Dove field

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Productive Dove Fields and More Day 2: Develop the Best Dove Fields

Dove shooting
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Editor’s Note: Although sometimes hunting doves is hit or miss, you can make your chances for success greater by preparing the fields you’ll be hunting before the season. Chas Moore, the area wildlife biologist for the Cahaba River Wildlife Management Area (WMA) and the Mulberry Fork WMA for Alabama’s Department of Conservation and Natural Resources (DCNR) has developed and learned what works best to have the most doves to hunt.

I’ve never seen or heard of anyone else using this technique of land and crop management to create a dove field on terrible soils like those found on reclaimed strip-mined lands. However, Moore explains how he developed this technique of preparing a dove field by asking the people who had reclaimed the land if they’d mind planting millet on the fields. “These folks had used hydroseeders with a mixture of seed, fertilizer, and mulch to spray on the land. The hydroseeder coated the ground and produced a good seedbed for the millet. But, I believed I could mimic that same type of application without having a hydroseeder, which was expensive equipment the DCNR didn’t have.

“We started out by spraying Roundup with a tractor sprayer on our WMA dove fields about the second week in June to kill all the fescue and weeds that had grown up on these flat, strip-mined lands. We didn’t bushhog the weeds before we sprayed the Roundup. Then we gave the weeds about two weeks to die.”

Next, either during the last week of June or the first part of July, depending on the weather, Moore and his team went in and broadcast browntop millet, a warm-season rapidly-maturing grass that grew well in rocky shallow soils and fertilizer into the standing grass. Then they raised the blade on a mower to bushhog all the weeds down to scatter the straw from the dead weeds on top of the millet seed and fertilizer. According to Moore, “Since the browntop millet seeds were very small, once the weeds were cut, that weed straw held the seed and the fertilizer in place. The next rain would cause the millet to grow up through that weed straw without weeds because they’d all been killed before the plantings were done, and the millet didn’t have to compete with weed growth.”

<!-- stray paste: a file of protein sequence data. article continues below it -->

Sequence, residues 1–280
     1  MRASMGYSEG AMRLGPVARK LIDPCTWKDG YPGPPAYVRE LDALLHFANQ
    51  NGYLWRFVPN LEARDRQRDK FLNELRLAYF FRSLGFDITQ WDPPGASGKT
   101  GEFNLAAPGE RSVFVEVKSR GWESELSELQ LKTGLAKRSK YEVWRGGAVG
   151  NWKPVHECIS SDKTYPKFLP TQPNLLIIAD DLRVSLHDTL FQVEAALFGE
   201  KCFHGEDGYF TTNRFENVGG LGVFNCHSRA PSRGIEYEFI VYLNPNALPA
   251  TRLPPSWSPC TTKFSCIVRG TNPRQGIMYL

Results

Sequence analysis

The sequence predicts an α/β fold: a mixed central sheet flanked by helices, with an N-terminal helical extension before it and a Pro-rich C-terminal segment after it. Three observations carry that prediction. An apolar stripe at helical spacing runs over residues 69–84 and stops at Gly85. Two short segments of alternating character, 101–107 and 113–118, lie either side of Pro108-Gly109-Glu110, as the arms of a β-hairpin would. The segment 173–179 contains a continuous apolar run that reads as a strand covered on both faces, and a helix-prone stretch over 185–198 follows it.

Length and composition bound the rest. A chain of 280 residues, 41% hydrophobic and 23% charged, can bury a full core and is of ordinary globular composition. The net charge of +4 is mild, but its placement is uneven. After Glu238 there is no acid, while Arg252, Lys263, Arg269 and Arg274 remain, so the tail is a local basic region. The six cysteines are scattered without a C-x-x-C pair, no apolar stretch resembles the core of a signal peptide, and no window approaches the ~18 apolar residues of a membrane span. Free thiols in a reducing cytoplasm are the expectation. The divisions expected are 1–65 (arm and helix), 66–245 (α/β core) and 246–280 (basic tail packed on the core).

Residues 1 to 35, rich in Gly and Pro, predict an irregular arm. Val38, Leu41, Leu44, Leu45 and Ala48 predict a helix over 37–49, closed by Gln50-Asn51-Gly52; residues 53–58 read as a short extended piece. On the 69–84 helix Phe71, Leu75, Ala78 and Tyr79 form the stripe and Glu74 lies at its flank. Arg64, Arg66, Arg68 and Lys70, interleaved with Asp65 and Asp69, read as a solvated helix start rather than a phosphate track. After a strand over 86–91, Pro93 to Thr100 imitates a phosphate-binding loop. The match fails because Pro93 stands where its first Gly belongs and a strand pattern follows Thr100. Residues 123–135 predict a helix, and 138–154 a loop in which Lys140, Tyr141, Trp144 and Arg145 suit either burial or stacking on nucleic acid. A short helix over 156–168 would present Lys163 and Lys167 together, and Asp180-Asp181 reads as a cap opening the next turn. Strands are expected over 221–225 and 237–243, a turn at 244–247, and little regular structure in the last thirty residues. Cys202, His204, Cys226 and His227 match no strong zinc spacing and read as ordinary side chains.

Just before the beginning of dove season, Moore and the WMA team ran a hydraulic disk in an area not too rocky and broadcast top-sown wheat on top of the disturbed soil to put this strip of wheat – about 16 feet wide – right down the middle of the 15-acre millet field. The disk used just barely raked the soil because the soil had to be disturbed in a seed bed before the wheat seed could be broadcast by top sowing. They planted wheat all the way around the edges of the millet field too. Then the dove hunters didn’t have to be as concerned about snakes, since the hunters could see the ground.

Often people leasing land will plant millet and then burn out the seed. Next, just before dove season, they’ll mow their millet and burn all the stalks and stubble. However, due to the weather being so dry at the beginning of dove season, even controlled burning can be a problem, if the wind’s blowing even slightly. To prevent the threat of a controlled burn from becoming a wildfire, Moore and his team don’t run fire over the top of the millet.

“We’ve found that by leaving our millet standing, the heads of the millet plants that produce all of the seeds often will layover and some millet still will be standing throughout the season on which the doves can feed,” Moore says. “Once the opening day of dove season arrives, some of the seeds from the head of the millet plant will fall to the ground. Also, some millet stalks will fold over and put giant heads of millet seeds on the ground for doves to eat, and some of the top-sown wheat will be on top of the ground too. Generally, the doves will have been feeding on these crops a week or two before the hunters show up.”

More Cahaba River WMA Information That May Aid You in Your Dove Field Management:

Most Cahaba River WMA hunters will get from 10 to a limit of doves in the 12 different fields that the WMA has planted this way. Hunters who know how to shoot doves usually can get a limit of doves in the first hour of the season on opening day.

According to Moore, “We’ll often have about 50 or 60 hunters total, hunting on all 12 fields, and that’s not usually enough to keep birds flying from field to field. The hunters are scattered all over. Our dove fields are only open on Saturdays and Wednesdays in the afternoons to give the doves a chance to feed and not be shot at all day, every day.”

Yet another factor that Moore explains that helps the Cahaba WMA, in particular, is, “This property has a lot of old, big, dead trees around many of our fields where the doves like to stay and look over the field before they fly down to eat.”

So, look at this dove field idea, and create great dove fields for hunters where you live.

Tomorrow: Create a Plan for Deer, Turkeys, and Quail

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